In the news again with great Public Relations –Provo/Orem #1. Pitney Bowes analyzed 384 metropolitan areas and the Provo-Orem area ranks first on a list of the nation’s fastest-growing metropolitan areas and will remain that way for the next five years. 2012 to 2017 Provo-Orem’s population is projected to add nearly 11,000 new households, or 7.4 percent at an annual rate of 1.5 percent.
This is not the first, nor will it be the last time Utah attracts accolades for top performance. Earlier this year the Wall Street Journal joined the cheering section for this region. From “best place to live and do business” to “best managed” the applause keeps rolling in, while many states still struggle with massive debt, job losses, and stagnant growth.
All great news for us, right? Well, maybe.
The Utah I-15 Core Project construction wraps up this year at the “fastest completed billion-dollar, public highway project in the U.S.” Yay us, right? Well, maybe. Gary McGinn, Provo community development director states publicly his concern that we “accommodate that growth while preserving the characteristics of what makes Provo such a desirable place to live.” This writer and Green PR firm shares this concern. As I hike to and stand on top of Mt. Baldy above my Utah Valley home, I am in awe of the amazing vista before me in the valley. I tell my former Texas neighbors that “I live in a postcard.” What I don’t tell them is that air pollution is increasingly obstructing my valley view as we fill the 12 lane I-15 thoroughfare with single occupant SUVs at rush hour.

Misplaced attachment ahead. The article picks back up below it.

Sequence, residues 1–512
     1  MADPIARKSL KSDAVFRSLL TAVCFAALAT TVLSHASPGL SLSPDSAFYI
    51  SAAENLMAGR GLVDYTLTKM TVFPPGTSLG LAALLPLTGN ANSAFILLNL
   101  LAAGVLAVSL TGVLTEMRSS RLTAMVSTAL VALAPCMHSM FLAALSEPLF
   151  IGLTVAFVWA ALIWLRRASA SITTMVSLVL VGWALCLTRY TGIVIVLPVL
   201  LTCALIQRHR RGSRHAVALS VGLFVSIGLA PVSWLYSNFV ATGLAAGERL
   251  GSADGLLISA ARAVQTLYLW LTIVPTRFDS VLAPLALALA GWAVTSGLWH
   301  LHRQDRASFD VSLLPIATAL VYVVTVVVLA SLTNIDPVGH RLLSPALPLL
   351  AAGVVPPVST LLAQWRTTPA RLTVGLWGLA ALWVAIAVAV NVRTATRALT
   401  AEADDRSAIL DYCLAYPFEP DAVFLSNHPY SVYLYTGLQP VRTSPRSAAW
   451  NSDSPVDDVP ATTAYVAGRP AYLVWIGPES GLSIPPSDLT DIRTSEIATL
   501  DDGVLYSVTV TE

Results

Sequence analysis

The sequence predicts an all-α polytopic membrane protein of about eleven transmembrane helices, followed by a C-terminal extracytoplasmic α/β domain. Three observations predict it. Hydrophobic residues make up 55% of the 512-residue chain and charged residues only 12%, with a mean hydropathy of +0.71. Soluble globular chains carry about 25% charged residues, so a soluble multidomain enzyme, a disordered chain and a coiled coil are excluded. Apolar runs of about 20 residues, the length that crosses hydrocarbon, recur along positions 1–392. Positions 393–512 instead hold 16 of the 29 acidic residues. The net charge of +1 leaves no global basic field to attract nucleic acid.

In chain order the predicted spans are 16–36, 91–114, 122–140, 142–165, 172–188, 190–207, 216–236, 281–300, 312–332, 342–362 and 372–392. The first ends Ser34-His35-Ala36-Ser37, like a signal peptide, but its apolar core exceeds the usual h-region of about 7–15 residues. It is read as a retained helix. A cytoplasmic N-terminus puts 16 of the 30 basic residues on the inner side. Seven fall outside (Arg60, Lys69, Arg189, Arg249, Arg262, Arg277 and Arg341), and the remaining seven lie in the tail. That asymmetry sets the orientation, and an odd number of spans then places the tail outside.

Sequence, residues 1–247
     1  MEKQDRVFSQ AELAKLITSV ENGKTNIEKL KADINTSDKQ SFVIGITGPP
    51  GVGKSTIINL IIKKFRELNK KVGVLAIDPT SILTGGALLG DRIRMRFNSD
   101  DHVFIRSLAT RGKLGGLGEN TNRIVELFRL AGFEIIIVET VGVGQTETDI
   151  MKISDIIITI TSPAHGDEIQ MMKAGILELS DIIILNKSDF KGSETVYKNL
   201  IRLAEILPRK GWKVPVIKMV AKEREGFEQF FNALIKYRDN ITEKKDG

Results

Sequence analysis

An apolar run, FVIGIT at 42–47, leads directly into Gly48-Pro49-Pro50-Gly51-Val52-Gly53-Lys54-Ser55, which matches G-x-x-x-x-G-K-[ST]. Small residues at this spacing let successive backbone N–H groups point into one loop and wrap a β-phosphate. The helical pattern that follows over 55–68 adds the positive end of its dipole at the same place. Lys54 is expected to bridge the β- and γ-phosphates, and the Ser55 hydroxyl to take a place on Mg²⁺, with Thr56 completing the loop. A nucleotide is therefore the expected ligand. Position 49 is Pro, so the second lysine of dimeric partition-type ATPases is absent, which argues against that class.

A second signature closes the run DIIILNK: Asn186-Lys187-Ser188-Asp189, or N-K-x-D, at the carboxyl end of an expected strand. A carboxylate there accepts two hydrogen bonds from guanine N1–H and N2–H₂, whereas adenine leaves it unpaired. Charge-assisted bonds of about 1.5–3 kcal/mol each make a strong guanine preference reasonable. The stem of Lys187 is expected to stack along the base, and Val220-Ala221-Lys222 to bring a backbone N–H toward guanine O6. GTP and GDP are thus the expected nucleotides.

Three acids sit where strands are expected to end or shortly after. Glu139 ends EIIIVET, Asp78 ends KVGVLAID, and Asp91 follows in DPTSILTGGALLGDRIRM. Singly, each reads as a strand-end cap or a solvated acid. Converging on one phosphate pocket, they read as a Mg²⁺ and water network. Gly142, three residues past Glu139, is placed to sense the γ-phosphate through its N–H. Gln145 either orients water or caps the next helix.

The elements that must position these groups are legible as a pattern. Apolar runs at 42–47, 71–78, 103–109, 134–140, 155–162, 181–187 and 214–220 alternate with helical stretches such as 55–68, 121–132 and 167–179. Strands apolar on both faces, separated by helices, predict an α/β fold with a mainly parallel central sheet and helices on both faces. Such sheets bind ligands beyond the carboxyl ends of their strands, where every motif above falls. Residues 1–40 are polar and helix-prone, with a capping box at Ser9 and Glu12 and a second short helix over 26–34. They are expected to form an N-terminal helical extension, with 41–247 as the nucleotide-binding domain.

No one is more pro-business than me. No one is more keen on limiting the role of government in our lives. However, the future of Utah’s economy depends on maintaining white, not yellow snow at the ski resorts; beautiful smog-free vistas; air that you cannot taste in January. And, stop blaming the winter inversion, will ya’?
Front Runner and Trax are great starts. Planned communities with easy mass transit access are on the drawing board. Terrific! Much more can be, no, must be done (ie. more CNG) to get ahead of the smoke signals starting to warn visitors and would be business tenants.
Idea of the day: I would love to see Utah buck the EPA regulatory quagmire by granting state emissions & inspections approval to private CNG conversion kits previously killed at the state level because of the fear of EPA retribution. Dual fuel vehicle owners, hybrids like the popular Toyota Prius, should get more tax breaks.
What’s your idea?